5-HMR-14 A2X2 and AA'XX' Patterns

© Copyright Hans J. Reich 2017
All Rights Reserved
University of Wisconsinn
Previous Section: ABX3 patterns · Next: AA'XX' Patterns

  In A2X2 and A2B2 patterns the two A nuclei and the two X (B) nuclei are magnetically equivalent: they have the same chemical shift by symmetry, and each A proton is coupled equally to the two X (or B) protons. True A2X2 patterns are quite rare. Both the A and X protons are identical triplets.


 

  An example of an A2X2 patterns is shown below. Note that the methyne protons signals are a little broader than the CH2, presumably there is a small long-range coupling to the MeO protons.


 

  More complicated patterns are seen when the chemical shift difference approaches or is smaller than the JAB coupling. However, both A2B2 and AA'BB' always give centrosymmetric patters (A2 part mirror image of the B2 part).


 

AA'XX' Spectra

  AA'XX' and AA'BB' spectra are much more common. Here each A proton is coupled differently to the B and B' protons (or X, X' nuclei). Some molecules with such patterns are:


 

  Such molecules give inherently second-order multiplets. Only if the JAB coupling is identical to the JAB' coupling by accident does the system become A2B2 or A2X2, and a first order pattern is seen (if νAB is large enough).

  AA'XX' spectra consist of two identical half spectra, one for AA' and one for XX', each a maximum of 10 lines, each symmetrical about its midpoint, νA and νX, respectively. See example B below. The appearance of the spectrum is defined by four coupling constants: JAA', JXX', JAX and JAX'. The spectrum is sensitive to the relative signs of JAX and JAX', but not to the relative signs of JAA' and JXX'. The relationship between these, and the directly measurable values K, L, M, and N are given below and in the graphic.


 

  Each half-spectrum consists of a 1:1 doublet with a separation of N (intensity 50% of the half spectrum), and two ab quartets, each with "normal" intensity ratios and νab = |L|. One has apparent couplings (Jab) of |K| and the other of |M|, as indicated. Unfortunately, K and M cannot be distinguished, the relative signs of JAA' and JXX' are not known, nor is it known which number obtained is JAA' and which is JXX'. It is also not known which coupling is JAX and which is JAX', but the relative signs of JAX and JAX' can be determined: if |N| is larger than |L|, signs are the same. Thus the 19F and 1H spectra of 1,1-difluoroethylene (B) are identical, so it is not possible to distinguish which coupling is 2JFF and which is 2JHH, nor can one tell which is the cis JHF and which is trans JHF. This would have to be done using information about such couplings obtained from compounds where the assignments are not ambiguous.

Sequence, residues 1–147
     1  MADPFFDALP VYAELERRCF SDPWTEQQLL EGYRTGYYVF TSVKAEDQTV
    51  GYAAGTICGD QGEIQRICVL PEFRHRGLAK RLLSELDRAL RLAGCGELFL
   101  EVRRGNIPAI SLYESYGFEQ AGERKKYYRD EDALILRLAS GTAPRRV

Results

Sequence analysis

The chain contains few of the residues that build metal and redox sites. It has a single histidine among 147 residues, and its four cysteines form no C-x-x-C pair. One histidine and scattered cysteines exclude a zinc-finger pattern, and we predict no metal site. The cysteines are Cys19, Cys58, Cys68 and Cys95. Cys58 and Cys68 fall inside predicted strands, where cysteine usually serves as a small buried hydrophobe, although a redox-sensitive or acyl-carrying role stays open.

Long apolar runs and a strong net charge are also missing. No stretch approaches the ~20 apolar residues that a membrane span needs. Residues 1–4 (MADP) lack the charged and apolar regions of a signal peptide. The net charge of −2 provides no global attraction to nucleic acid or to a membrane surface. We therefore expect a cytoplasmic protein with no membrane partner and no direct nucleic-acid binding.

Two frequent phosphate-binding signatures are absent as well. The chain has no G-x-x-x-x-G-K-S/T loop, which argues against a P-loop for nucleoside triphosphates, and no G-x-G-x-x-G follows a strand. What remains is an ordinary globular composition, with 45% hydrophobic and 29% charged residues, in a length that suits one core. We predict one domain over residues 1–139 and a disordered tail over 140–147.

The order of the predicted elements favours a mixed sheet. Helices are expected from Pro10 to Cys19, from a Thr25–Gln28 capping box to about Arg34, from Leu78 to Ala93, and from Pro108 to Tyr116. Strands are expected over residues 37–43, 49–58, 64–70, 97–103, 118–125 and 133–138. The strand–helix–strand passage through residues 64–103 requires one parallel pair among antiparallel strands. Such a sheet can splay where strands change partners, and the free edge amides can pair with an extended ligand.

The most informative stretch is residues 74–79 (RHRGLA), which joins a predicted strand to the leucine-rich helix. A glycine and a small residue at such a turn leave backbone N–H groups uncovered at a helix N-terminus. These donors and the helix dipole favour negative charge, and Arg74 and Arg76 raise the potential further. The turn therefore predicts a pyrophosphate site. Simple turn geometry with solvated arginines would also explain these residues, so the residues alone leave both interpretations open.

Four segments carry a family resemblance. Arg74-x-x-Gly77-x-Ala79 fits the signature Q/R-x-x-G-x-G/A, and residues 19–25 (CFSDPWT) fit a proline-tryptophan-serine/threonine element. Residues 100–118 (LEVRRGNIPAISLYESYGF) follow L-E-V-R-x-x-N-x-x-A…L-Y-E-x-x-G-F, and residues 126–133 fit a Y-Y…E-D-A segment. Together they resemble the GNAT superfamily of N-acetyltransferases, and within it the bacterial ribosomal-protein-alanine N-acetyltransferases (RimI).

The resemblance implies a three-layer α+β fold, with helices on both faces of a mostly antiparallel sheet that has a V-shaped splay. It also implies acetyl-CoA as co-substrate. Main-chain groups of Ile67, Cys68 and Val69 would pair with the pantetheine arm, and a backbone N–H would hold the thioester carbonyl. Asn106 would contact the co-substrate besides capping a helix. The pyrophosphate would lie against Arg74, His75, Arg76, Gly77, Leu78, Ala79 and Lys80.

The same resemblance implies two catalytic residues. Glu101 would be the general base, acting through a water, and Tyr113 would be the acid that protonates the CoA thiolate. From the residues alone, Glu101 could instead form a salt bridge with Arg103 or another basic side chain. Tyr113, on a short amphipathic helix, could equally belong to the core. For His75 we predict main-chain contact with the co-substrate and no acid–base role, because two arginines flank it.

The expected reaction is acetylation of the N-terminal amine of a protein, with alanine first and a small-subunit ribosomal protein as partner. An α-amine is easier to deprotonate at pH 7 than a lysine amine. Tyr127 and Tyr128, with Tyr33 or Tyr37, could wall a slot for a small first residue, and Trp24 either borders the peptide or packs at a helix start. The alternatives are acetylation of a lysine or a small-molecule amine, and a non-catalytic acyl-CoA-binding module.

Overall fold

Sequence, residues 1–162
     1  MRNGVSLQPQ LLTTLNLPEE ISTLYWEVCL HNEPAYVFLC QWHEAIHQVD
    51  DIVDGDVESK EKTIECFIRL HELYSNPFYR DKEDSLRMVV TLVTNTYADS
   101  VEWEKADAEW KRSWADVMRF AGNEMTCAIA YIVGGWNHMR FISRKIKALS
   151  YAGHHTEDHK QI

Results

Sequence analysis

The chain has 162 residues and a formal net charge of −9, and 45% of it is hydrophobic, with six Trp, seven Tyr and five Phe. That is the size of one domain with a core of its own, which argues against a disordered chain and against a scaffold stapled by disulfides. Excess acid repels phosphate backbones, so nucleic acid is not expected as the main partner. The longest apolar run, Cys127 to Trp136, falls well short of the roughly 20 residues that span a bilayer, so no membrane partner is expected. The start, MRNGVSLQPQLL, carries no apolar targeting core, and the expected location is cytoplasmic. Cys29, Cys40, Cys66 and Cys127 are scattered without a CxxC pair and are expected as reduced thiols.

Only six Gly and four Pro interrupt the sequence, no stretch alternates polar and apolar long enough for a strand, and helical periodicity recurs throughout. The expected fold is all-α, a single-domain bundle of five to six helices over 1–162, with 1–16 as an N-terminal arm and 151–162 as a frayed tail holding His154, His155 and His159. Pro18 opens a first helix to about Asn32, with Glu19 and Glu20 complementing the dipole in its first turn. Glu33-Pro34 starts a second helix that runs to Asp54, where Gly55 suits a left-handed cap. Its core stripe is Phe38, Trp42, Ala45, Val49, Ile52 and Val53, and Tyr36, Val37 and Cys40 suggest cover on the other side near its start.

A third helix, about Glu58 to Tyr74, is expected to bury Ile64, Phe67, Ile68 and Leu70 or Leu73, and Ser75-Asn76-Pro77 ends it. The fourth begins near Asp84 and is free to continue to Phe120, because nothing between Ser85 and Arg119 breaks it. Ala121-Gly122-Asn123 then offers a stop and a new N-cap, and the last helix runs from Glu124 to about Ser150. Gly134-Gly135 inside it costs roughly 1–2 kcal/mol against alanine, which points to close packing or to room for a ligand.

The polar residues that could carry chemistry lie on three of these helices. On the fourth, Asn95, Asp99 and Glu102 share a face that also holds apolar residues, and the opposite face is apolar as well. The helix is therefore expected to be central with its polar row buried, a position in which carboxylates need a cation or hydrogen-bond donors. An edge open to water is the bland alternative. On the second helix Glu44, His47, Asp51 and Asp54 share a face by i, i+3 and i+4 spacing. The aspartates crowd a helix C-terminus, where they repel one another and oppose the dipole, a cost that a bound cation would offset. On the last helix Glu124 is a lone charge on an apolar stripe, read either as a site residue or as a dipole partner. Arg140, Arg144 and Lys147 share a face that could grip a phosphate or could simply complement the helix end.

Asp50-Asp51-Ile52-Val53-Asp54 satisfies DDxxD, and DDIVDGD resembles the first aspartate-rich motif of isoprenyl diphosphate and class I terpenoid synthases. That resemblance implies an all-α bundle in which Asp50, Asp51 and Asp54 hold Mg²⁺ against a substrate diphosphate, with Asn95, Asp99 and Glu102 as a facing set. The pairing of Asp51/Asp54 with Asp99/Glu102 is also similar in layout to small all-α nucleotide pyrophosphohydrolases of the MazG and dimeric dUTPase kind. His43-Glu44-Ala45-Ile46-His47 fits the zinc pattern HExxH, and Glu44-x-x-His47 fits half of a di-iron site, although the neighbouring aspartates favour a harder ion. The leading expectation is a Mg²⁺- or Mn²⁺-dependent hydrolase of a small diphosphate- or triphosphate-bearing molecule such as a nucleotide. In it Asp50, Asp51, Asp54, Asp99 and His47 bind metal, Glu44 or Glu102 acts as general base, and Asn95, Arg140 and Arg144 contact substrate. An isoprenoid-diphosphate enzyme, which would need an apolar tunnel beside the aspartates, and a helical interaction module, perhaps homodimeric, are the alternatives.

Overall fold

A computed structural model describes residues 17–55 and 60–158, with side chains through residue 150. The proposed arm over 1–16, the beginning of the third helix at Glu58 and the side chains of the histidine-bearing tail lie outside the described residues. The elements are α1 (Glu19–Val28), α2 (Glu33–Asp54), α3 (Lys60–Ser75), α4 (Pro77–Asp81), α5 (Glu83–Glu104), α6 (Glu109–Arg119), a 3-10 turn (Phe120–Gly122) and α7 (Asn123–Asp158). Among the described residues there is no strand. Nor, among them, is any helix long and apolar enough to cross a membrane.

Solving an AA'XX' Pattern. If all 10 lines are visible, and can be assigned to the large doublet and the two ab quartets, the process is straighforward, as shown for the solution of the 19F NMR spectrum of 1,1-difluoroethylene below:

  1. Determine N from the doublet separation (35.3 Hz).

  2. Measure K (41.2 and 41.4 Hz) and M (31.7, 32.0 Hz) from the appropriate line separation ("J" of the two ab quartets).

  3. Calculate L - it is the "δab" of each of the ab quartets. For the K quartet we get: SQRT[(276.2-181.3)(235.0-222.7)] = 33.8 Hz, for the M quartet: SQRT[(268.1-189.8)(236.4-221.8)] = 34.2 Hz

  4. Calculate JAA' and JXX' by summing and subtracting K and M: JAA' = (K+M)/2 = (41.3+31.8)/2 = 36.5 Hz; JXX' = (K-M)/2 = (41.3-31.8)/2 = 4.7 Hz. Because we do not know which ab quartet is K, and which M, we do not know the relative signs of JAA' and JXX', nor do we know which coupling is which.

  5. Calculate JAX and JAX' by summing and subtracting L and N: JAX = (N+L)/2 = (35.3+34.0)/2 = 34.7 Hz, JAX' = (N-L)/2 = (35.3-34.0)/2 = 0.7 Hz. Again, we do not know which coupling is which, but the relative signs can be determined: if |N| is larger than |L|, the signs are the same, as in this case.

 

  Special Cases of AA'XX' patterns: Unfortunately a large fraction of AA'XX' patterns are missing lines, which means that some or all of the coupling constants may be indeterminate. Below are summarized several common (and some less common) situations where a reduced number of lines is seen.

  In the situation where JAX = JAX' (i.e. L = 0, A2X2) the spectrum collapses to a triplet. In other words, the effective "chemical shift" of each of the ab quartets is zero, and thus each gives a single line at νA. This is more or less the situation with many acyclic compounds of the X-CH2-CH2-Y type, provided that X and Y are not too large, but cause very different chemical shifts. See example C.

  In the situation where JAA'JXX' (which is often approximately the case with X-CH2-CH2-Y and p-disubstituted benzenes) the M ab quartet collapses to two lines since M = 0. See example A.

  In cases where JXX' is zero, both ab quartets will have the same Jab (M = K) and will be identical, leaving only 6 lines. This is nearly the case for situations like symmetrical o-disubstituted benzenes or 1,4-disubstituted butadienes, where JAA' is a 3-bond coupling, and JXX' a 5-bond coupling. In these situations L is small (i.e.JAX is close to JAX') and the central lines of the K and M quartets will likely be superimposed, whereas the small outer lines may be distinct -- the outer lines are separated by just under twice the value of JXX', the inner lines by just a fraction of JXX'.

  If the signs of JAX and JAX' are different the N lines will be relatively close together. This is the case for AA'XX' patterns of the AA' vicinal type, where JAB is a geminal coupling, hence negative, and JAB' is vicinal, and hence positive. In the limit, if JAX = -JAX' then the N lines can collapse to a singlet.


Next Section: A2X2 and AA'XX' Patterns · Previous Section: ABX3 patterns · Home


© 2010-2017 Hans J. Reich, All Rights Reserved
Web page created by WINPLT.